Over the weekend, a friend came over and we started modding more systems -- right now at my house I have a total of three Atari 2600s and five Atari 5200s. Two of each are mine and the rest belong to my friend.
First thing we did was to drill all the holes we needed: 3x RCA and 1x S-video in each, and we started the hole for a 4-port 5200 power mod.
We first worked on my friend's 2600, and unfortunately we broke a cardinal rule of modding: we did not check it before we started. After way too much time, we tried RF and realized that that particular 2600 is having other issues. Oops.
So, we moved on to my units, and we added S-video to my 2600 and 5200 that were both already UAV-modified with composite output. The 5200 worked right away, but the 2600 gave us some trouble.
I didn't know where the problem was, so I tried the 2600 with the 5200's S-video connector (I moved the wires from the 5200's UAV to the 2600's UAV), and that worked. Then I did the reverse (5200 UAV into 2600 S-video connector), and that worked. So I reconnected the 2600 UAV's S-video wires, and it worked after something like five tries. I must have screwed the 2600 UAV's terminal block onto insulation instead of wire. Who knows... but it works now, which is all I really care about.
After I had everything working on both systems, I put the 5200 back together. I soldered the 5200 UAV onto the 4050 chip and closed everything up. Well... it didn't work -- the 5200 had some seriously funky output, as you can see in these pictures:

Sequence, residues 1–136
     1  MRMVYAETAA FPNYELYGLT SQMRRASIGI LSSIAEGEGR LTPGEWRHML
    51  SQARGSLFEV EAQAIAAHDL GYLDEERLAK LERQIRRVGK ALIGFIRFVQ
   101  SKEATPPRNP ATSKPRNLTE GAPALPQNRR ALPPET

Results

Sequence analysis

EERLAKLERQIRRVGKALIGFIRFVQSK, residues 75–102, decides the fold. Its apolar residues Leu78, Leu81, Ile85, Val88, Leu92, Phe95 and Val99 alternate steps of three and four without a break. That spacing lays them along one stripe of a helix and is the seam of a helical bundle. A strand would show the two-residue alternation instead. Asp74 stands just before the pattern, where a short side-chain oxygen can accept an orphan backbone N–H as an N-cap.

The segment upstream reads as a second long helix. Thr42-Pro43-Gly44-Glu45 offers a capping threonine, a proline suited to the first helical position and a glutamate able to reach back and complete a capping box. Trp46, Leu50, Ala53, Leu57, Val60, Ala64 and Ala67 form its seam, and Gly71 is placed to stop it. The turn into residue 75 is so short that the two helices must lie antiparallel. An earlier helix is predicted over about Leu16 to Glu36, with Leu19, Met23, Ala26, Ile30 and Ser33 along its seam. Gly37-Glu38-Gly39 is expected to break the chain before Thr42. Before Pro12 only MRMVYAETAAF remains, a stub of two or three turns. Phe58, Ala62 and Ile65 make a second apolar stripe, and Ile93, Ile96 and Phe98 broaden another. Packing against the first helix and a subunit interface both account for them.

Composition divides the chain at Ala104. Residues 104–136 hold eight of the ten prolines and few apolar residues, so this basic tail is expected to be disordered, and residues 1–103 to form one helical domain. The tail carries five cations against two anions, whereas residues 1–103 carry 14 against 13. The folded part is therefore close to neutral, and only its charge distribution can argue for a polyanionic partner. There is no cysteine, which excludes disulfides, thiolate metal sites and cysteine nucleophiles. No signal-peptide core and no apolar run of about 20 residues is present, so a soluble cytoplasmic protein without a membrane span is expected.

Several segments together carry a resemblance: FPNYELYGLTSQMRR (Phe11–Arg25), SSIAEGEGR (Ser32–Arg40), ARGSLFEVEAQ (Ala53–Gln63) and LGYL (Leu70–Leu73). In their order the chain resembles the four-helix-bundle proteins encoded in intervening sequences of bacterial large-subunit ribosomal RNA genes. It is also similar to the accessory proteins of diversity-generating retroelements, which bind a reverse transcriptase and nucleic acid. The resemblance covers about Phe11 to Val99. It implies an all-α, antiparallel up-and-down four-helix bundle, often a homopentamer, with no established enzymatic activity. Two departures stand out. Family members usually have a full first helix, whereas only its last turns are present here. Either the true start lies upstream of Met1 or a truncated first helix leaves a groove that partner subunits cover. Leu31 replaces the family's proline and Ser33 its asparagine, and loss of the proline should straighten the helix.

Taking a cue from a suggestion made by AtariAge user Crossbow, I desoldered the UAV from the 4050, then I soldered a socket on top of the 4050. I did this because with the UAV it is very difficult -- if not impossible -- to solder the back 8 pins of the UAV onto the 4050 -- but it is very easy to soder a socket onto the 4050:
After adding the socket and inserting the UAV into the socket, I was rewarded with the stunning video quality that I expected:
Here are a couple of pictures of the completed 5200. As you can see, this is a 4-port system with the power mod.
Here are a couple of pictures of the completed 2600. Yes, I could have done much better with the location of the UAV. I'll do better next time.
Unfortunately, on both systems the S-video connector is not oriented correctly. This is because the largest drill bit I have is 1/2", and we needed something like 17/32 or 9/16, so we worked my drill bit around a little bit to make the hole large enough. As a result of this, the hole was not perfectly round, but the S-video connector fit and we decided to call it good enough.
The difference between composite and S-video really is quite something. Here are some pictures of H.E.R.O. on my 2600. This is: 2600 UAV -> RetroTINK 2X-MINI -> Vizio D43fx-F4.
Other than some concerns about color on the 2600, I'm definitely very pleased with this result. Maybe there's a color pot I can adjust there...